Move over, Roche. There’s a new small cell lung cancer therapy on the scene, and it belongs to AstraZeneca.
Monday, the FDA cleared the British drugmaker’s Imfinzi—in tandem with standard-of-care chemo—for use in previously untreated patients with extensive-stage small cell lung cancer. About 15% of all lung cancer cases are small cell, a fast-growing form of the disease.
The agency based its decision on results from the phase 3 Caspian trial, which showed last year that the Imfinzi-chemo combo could slash patients’ risk of death by 27% compared with solo chemo. Later in the year, the FDA doled out its priority review status to hasten the regulatory process.
SVB Leerink analyst Andrew Berens has estimated that SCLC could pad Imfinzi’s sales by $413 million in the U.S. and about $828 million worldwide. Those revenues would add to the lung cancer sales the drug is generating in previously treated, stage 3 disease, where competitors are far behind.
Unfortunately for AstraZeneca, it’s not alone in its new field, where it’ll need to play catch-up to Roche. The Swiss pharma giant’s Tecentriq has already spent a year on the market after becoming the first in its class of PD-1/PD-L1 drugs to snag an FDA green light.
AZ, though, has a couple differentiators it was quick to tout in its approval announcement. For starters, Imfinzi can be used alongside etoposide and a choice of either carboplatin or cisplatin chemo, giving patients more flexibility than they have with Tecentriq, which isn’t cleared for use with cisplatin chemo.
Key opinion leaders surveyed by SVB Leerink “believed that Imfinzi could have an advantage over Tecentriq, given the dosing flexibility,” Berens wrote in a Monday note to clients.
The cisplatin option is particularly important outside the U.S., where it’s more commonly used. Still, “in the U.S., there are some physicians for whom the ability to use cisplatin is important,” Dave Fredrickson, EVP and global head of AstraZeneca’s oncology business unit, said. And Imfinzi is also the only immuno-oncology drug that has shown both a significant survival benefit and a significant improved response rate in the population, he pointed out—a fact AZ’s sales reps will be highlighting alongside the flexibility feature.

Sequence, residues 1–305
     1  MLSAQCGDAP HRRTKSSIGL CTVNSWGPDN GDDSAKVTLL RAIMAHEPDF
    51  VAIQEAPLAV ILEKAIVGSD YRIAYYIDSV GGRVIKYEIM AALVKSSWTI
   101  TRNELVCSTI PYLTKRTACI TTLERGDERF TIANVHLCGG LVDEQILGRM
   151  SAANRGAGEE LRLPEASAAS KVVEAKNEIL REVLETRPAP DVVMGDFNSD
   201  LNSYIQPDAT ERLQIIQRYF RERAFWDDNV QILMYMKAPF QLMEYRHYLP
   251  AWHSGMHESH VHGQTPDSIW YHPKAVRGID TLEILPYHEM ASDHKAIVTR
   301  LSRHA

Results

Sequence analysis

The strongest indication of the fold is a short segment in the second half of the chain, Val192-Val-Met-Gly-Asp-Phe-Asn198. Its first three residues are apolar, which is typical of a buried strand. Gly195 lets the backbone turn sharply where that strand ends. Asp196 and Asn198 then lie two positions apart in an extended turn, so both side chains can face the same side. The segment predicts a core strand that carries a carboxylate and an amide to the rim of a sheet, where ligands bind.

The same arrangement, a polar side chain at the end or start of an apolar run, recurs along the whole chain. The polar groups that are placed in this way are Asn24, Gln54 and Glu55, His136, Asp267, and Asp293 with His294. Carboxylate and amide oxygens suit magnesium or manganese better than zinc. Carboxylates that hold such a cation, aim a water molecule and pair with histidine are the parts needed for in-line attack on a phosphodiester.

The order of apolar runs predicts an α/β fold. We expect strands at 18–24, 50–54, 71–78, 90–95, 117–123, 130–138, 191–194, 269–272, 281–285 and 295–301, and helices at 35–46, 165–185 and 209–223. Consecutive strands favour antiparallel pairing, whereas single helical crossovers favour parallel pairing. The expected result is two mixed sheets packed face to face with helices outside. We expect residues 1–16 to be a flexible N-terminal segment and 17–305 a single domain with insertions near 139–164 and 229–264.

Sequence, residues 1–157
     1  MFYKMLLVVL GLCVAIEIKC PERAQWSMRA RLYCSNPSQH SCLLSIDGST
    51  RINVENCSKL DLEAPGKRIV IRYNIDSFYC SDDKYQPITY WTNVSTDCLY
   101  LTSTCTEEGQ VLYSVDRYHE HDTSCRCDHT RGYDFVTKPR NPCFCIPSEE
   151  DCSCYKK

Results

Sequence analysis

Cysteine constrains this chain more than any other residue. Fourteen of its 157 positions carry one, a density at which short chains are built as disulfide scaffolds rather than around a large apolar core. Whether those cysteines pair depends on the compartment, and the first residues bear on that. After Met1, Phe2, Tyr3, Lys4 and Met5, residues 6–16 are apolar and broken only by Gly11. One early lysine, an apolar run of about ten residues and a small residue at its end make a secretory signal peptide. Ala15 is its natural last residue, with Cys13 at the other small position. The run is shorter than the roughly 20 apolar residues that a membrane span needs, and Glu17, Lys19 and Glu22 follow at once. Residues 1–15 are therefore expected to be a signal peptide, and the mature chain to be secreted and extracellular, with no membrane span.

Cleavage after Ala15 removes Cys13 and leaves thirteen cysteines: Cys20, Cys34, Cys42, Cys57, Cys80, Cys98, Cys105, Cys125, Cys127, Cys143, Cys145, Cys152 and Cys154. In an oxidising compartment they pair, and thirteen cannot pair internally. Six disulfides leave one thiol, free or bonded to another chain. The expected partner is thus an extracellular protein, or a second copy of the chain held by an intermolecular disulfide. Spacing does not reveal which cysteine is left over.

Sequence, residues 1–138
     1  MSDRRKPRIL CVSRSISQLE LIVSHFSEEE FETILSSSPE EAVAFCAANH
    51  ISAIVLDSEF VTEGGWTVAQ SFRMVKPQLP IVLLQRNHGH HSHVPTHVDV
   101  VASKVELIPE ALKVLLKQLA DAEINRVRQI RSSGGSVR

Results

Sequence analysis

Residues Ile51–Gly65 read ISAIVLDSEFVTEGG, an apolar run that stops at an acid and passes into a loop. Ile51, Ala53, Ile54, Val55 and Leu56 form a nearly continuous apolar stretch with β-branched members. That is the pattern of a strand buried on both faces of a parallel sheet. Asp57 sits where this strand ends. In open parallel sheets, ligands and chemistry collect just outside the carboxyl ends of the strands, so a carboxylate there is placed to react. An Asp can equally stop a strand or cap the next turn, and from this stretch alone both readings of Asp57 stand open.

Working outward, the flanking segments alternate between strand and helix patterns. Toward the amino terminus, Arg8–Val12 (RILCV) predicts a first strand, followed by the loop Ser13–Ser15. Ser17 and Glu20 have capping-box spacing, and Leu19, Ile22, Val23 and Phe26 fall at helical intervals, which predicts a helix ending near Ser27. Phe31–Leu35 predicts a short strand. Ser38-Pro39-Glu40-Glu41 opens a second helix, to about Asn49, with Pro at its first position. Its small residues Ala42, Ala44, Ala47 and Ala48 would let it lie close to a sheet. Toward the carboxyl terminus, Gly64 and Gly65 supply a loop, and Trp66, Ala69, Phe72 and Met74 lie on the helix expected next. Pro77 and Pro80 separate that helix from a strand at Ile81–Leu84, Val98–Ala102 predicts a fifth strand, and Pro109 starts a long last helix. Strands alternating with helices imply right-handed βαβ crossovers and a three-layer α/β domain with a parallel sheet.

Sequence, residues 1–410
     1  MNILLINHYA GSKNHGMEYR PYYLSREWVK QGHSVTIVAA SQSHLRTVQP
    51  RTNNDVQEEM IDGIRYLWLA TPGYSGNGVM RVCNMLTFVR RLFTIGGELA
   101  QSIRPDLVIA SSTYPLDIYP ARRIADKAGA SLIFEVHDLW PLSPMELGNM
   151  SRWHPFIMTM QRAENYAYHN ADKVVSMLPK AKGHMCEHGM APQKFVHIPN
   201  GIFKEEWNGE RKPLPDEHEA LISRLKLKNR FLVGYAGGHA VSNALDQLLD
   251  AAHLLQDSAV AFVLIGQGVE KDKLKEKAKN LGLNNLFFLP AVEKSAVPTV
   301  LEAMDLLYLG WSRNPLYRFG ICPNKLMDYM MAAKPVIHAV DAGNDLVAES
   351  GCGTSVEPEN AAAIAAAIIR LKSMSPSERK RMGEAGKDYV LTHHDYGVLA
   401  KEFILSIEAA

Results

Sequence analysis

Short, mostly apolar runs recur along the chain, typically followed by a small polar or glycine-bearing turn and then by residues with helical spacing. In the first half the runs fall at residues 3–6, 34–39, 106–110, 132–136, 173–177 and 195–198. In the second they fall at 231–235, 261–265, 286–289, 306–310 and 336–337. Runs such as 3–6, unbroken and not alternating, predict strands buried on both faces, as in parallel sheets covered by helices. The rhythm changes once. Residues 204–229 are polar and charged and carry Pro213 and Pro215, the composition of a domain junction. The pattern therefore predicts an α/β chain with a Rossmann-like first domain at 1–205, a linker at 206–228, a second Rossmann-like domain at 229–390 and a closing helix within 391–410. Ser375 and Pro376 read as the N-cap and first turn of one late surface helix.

“Within U.S. context of the launch, it’s really both of those elements that we’re going to be looking to differentiate in the eyes of physicians,” Fredrickson said.
Of course, the company was looking for an even bigger leg up when it trialed Imfinzi with CTLA4 candidate tremelimumab, going for a chemo-free option for patients. But that study recently came up short, with the immuno-oncology duo failing to show it could extend the lives of newly diagnosed patients.
Meanwhile, Fredrickson applauded AstraZeneca’s regulatory and commercial teams for notching an approval while working from home amid the novel coronavirus pandemic.
“We did not allow the constraints of people working remotely to get in the way of making sure we brought this option … as quickly as would in any other situation,” he said.